By Gloria Schwartz
This is it. This is the moment to make a commitment to yourself to do what you need to do to maintain and even improve your health in the coming months. The winter blues and the more serious Seasonal Affective Disorder may be exacerbated by the constraints of the pandemic. As the colder weather sets in and the sun sets earlier, getting through the late fall and winter without jeopardizing mental and physical health may prove more challenging than usual.
Many of us are already experiencing common emotional symptoms of the pandemic such as chronic low-grade anxiety and depression, boredom and sleep interruptions. One thing that I find helpful is going for a hike. We’re fortunate to have the Greenbelt in Ottawa, providing many hiking trails. While on a recent one-hour nature walk on the Jack Pine Trail on Moodie Drive, I felt an emotion that I hadn’t experienced in quite some time: joy. All it took was a handful of birdseeds. I’ve never had so many chickadees flying over to me and taking seeds from the palm of my hand. An hour of fresh air, several kilometres of walking and birdwatching along the way made me forget about the pandemic and all of its restrictions.
If you’re able to go outdoors, I urge you to do so. If you’re physically able to go for a hike in the woods, or later in winter perhaps snowshoeing or cross-country skiing, I urge you to do so. Dust off the old snowshoes and skis or purchase some if you can. Maybe you need a pair of hiking shoes. If you are able to invest in some basic equipment that’ll enable you to get out more and enjoy the fresh air and sunshine in the coming months, I urge you to do so. Make a commitment now that you’ll get outdoors on a regular basis between now and spring.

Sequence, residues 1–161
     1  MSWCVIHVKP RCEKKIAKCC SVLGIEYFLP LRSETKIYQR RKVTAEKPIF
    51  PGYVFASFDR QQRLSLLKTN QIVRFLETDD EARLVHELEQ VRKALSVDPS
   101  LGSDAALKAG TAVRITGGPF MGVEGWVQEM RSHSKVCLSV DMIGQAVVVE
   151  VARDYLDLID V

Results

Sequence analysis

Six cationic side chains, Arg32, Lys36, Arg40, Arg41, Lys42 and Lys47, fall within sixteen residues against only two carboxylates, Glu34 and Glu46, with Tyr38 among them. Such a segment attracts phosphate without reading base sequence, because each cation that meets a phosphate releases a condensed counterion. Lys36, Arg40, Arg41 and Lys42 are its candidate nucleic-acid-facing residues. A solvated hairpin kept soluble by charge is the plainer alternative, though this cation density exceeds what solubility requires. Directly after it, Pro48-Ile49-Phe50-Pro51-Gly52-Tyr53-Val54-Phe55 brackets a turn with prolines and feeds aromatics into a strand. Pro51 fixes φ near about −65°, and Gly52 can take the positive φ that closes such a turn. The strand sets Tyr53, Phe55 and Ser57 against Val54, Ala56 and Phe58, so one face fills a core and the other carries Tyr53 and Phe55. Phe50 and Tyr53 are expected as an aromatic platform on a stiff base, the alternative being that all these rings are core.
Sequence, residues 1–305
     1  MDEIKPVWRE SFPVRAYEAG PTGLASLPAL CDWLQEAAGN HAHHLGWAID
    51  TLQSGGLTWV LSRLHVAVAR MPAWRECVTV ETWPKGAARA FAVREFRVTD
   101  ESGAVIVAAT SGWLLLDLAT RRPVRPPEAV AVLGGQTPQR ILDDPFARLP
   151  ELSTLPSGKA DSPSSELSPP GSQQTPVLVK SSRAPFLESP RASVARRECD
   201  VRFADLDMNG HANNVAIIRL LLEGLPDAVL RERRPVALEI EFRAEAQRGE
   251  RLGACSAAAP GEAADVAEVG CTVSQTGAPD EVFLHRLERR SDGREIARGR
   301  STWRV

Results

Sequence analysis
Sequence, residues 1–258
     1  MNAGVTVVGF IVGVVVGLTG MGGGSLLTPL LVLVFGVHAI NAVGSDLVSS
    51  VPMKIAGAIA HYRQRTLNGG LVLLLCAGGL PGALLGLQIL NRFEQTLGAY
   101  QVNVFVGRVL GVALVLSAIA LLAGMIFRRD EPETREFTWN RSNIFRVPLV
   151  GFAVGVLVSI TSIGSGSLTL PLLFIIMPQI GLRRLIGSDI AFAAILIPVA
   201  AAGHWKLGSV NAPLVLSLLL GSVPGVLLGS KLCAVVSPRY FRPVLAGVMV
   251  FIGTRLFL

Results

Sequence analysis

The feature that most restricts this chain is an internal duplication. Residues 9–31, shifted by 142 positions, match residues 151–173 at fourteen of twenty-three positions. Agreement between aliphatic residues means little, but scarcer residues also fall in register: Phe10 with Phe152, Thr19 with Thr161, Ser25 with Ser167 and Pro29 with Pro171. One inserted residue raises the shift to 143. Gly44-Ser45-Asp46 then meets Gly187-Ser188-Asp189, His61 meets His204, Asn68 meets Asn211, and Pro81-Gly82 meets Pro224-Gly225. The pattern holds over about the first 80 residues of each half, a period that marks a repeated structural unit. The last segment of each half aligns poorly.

Social isolation is a definite downer. From March until September, I only walked with my husband and sons. I didn’t go on walks with anyone from outside my household. I recently started going with some women for walks. We started an informal walking club because many of us have been feeling isolated and we’re concerned about the emotional toll the ongoing pandemic, coupled with the winter months, may have. Even when outdoors, according to the experts, it’s very important to maintain a minimum six-foot distance from each other. I am very careful about following the guidelines. I also bring a mask with me in case strangers walk past me. It’s been nice having these meetups. We are determined to continue with our weekly walking club even when the weather is cold.
Last week, I met up with one friend and led her on a 30-minute “Gloronacize” session along a park path. I coined that term for a fun, light aerobic form of dance moves I do while walking. You don’t have to be a dancer to do it. I certainly am not a dancer. I played music from my cellphone on a mini speaker. Afterwards, we did some aerobics in a quiet parking lot. We each stood in a parking spot, so we were at a safe distance from each other. There’s a lot you can do outdoors if you are so inclined, and it’s all free. You can also incorporate exercises into your walks, such as the three moves I described last time using a tree (tree sit, push ups and split squats). Enjoy nature, take a moment to appreciate the beautiful surroundings and take a deep breath.